“Once you label me you negate me.” – Soren Kierkergaard
Some stereotypes are real.
At least that’s the thought that crossed my mind last week driving through Queens, when my wife observed that we were stopped at the quintessential “ghetto” intersection (she didn’t use the word ghetto; I did), lined with a check cashing pay-day lender, liquor store, pawn shop, McDonald’s, and bodega. No banks or boutiques or farmers markets or vitamin shops. Just businesses that rob customers of health, wealth, and stability. Strip malls like this don’t exist in suburbia or on Fifth Avenue.
In the days since then, I’ve been overcome by two realities:
1) Embracing stereotypes is convenient. Group think informs popular punditry and our increasingly sound-bite culture. Journalists obsess over the so-called Black Vote, Red/Blue states, the Latino Explosion, and the curious case of Linsanity. The comedian’s easiest laugh is, “The one about …” Labels and categories provide convenient shortcuts for policy makers, school administrators, marketers, and political strategists.
Same for youth workers. We can anticipate and describe the good kids and troublemakers, the jocks and artists and nerds and loners and gamers. We differentiate music styles and preaching techniques by race and ethnicity. When we “know our audience,” we plan activities and programs with these cultural distinctions in mind.
2) Embracing stereotypes remains destructive. Problems arise when all we really know about our audience (or our neighbors or the newcomers who are changing the face of our community) is what the stereotypes tell us. When they alone inform our beliefs and attitudes and assumptions about the Other and we fail to take the time to truly know the person beyond the labels, it’s impossible to love them as ourselves, the way Jesus demands.
Even worse is the ease with which stereotypes can be internalized. The self-loathing and insecurities that result, diminish the capacity to love God with all of ourselves, our hearts, minds, souls, and spirits.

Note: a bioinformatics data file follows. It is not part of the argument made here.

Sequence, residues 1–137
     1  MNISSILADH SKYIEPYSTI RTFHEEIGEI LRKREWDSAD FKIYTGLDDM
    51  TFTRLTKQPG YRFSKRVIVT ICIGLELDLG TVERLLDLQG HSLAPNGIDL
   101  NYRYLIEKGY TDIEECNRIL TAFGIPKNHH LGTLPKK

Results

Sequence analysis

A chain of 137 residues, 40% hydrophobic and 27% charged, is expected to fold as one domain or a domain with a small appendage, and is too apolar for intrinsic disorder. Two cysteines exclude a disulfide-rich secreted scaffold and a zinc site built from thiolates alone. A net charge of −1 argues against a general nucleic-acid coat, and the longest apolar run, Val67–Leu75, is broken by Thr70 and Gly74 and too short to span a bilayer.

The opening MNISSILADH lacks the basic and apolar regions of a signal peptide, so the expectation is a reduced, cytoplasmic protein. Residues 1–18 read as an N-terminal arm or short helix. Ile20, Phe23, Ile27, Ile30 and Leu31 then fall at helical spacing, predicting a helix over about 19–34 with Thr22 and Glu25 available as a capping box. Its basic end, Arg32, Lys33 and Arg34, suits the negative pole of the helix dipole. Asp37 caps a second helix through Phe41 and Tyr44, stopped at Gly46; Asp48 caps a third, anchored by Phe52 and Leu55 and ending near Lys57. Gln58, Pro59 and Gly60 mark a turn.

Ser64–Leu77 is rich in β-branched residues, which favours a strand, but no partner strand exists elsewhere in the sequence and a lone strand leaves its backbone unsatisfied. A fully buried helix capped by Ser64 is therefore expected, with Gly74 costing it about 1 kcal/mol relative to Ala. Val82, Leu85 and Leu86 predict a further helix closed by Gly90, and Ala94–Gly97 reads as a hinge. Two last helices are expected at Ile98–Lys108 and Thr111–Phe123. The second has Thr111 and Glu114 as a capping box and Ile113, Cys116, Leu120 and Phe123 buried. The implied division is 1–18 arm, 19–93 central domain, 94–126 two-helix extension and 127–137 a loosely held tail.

“A Girl Like Me.” Consider, for example, the sobering case of the 50th anniversary of Brown v. Board of Education, the landmark Supreme Court decision that overturned Jim Crow apartheid, desegregated schools, and declared that racial separations make institutions inherently unequal. In the wake of Brown’s 50th anniversary, researchers revisited the social science behind the decision, specifically the “Doll Test,” wherein black children were given the option of playing with a black or white doll. The 2007 documentary “A Girl Like Me,” reports the horrifying reality that the results of the Doll Test more than 50 years after Brown were remarkably consistent with those before desegregation.
Five decades later, children fashioned by God in his image and for his glory are still internalizing messages that they are somehow inferior to other children solely because they don’t fit a stereotype.
What to do? It’s our responsibility, as lovers of God and people, to change things. As ministers charged with equipping the saints for works of service (Ephesians 4), we must model for those we lead an authentic love that resists the urge to do what’s convenient all the time. Let’s search for a deeper understanding of our neighbors than market research and census data alone provide. Only life-on-life relationships with those whose stereotypes make us uncomfortable can propel us beyond assumptions and labels towards a genuine love of the person.